Rosilyn Heller, serves on the Academy’s foreign-language committee, which chose the five nominees from among official submissions by various countries. A VP of production at Columbia throughout the 1970s, she became the first woman inducted into the executive branch of the present AMPAS. We checked in with her again on Jan. 17, the day after nominating ballots were due. Click here to read part one.
On this year’s movies: I found the foreign films to be much better this year than in past years, and in general, I think they’ve even been more fascinating and compelling than the American films. The Spanish-language films have been especially impressive, not just from Spain but from Latin America. It’s a very exciting trend. For the American films, it’s been an interesting year, and there are many that I enjoyed, but none that really dominated the season or my psyche.
The shortened nominations period: It’s been intense. Since Jan. 4 alone (the Academy) has screened 22 foreign films from 22 countries, sometimes even four films a day. My limit is usually two. I’ve seen more than half of those screened (about 50 altogether) since the screenings started in November. And for those I’ve missed, I will definitely see them if they’re nominated.
How the voting is done: We don’t mail in ballots; we vote right there in the Academy theater as soon as the movie is over. I don’t take notes; I go by my instinct, my gut reaction. We have our own personal ballots listing all the foreign films and we assign a number to those we’ve seen. For some reason the numbers are from six to ten. I never figured that out.
On the home front: I did receive my lovely DVD player (from the Academy), and it was broken, but they did replace it. I have no idea what is marked and what is not marked (among the DVDs they’ve sent); I haven’t really used it. After I see what’s nominated, if I’ve missed a movie, I might watch it on DVD, but generally I like to go to theaters. For example, I’m going to the Laemmle tonight to see “Bad Education,” because that was one I missed.
How her choices compare with the awards year so far: When it comes to the critics awards from around the country, and various ten best lists, I’m always shocked at how uniform they are. I think, what are they doing? Reading each other’s lists? They all seem to have voted for “Sideways.” It is a little gem, I admit … but … what is that about? What else are they looking at? It seems so strange to me that every list has the same movies, and they’re all, for the most part, American movies.
My ballot seldom reflects what actually wins. My taste tends to be uniquely my own; and I’m not at all more responsive to those that are most heavily promoted. I vote for the movies I care about and I can tell you, they’re not usually the top five that are nominated.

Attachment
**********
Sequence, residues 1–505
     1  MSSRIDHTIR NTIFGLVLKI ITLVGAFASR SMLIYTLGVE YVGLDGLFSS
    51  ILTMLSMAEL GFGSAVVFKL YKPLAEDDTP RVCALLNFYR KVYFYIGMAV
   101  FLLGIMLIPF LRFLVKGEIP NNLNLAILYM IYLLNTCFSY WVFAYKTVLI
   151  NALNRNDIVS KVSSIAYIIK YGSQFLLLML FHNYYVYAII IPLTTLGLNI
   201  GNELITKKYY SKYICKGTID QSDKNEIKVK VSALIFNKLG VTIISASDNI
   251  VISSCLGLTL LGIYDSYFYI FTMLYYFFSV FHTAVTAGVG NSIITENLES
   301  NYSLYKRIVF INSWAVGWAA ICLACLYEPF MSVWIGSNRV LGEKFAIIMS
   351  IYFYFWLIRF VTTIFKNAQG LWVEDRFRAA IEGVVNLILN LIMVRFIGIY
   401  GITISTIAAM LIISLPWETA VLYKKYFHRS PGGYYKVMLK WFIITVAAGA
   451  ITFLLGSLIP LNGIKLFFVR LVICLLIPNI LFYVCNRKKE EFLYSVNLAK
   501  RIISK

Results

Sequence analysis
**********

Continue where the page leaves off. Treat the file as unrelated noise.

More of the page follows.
The party circuit: I went to the Golden Globes this time. I was there because a friend of mine was nominated. It was a lot of fun. It’s always fun to look at all these gorgeous people; even those women who are like cadavers. But there’s such a buildup about the whole thing, and it’s gotten more and more intense because the season has gotten shorter. It’s become like a bad game that’s totally unrelated to the real work.
Okay, so Leonardo got best actor, but what about the others? Javier, Liam? Not exactly chopped liver, right? Now, with the Golden Globes, the SAG Awards and the Academy Awards all being televised, these fabulously talented people get to lose three times — and so publicly — with millions of people watching. They’re better sports than I’d be.
Attending the Academy Awards: I’m not going. I used to have to go all the time when I was vice president of Columbia. It was great fun, then. But now, the idea of sitting in a theater for all those hours doesn’t interest me. I’ve only been in the last few years when close friends have been nominated. Although I do have a friend visiting, a European director, who really wants to go, so I might do it for him.
Favorite memory from an Oscar night: We made a picture that we all loved a lot at Columbia, called “The Last Detail,” with Jack Nicholson. Robert Towne was nominated for best screenplay, and we had to pick a clip. Not easy to do even back then. Finally a clip was settled on that had the F-word in every sentence, and the whole thing was bleeped, which was hilarious. And, if I remember correctly, Towne even won, though not one word of the actual screenplay was ever heard. It was a great time in the movie business, an outrageous time, a time everyone actually reveled in the moviemaking more than the award shows. I remember enjoying those years, and those movies, tremendously.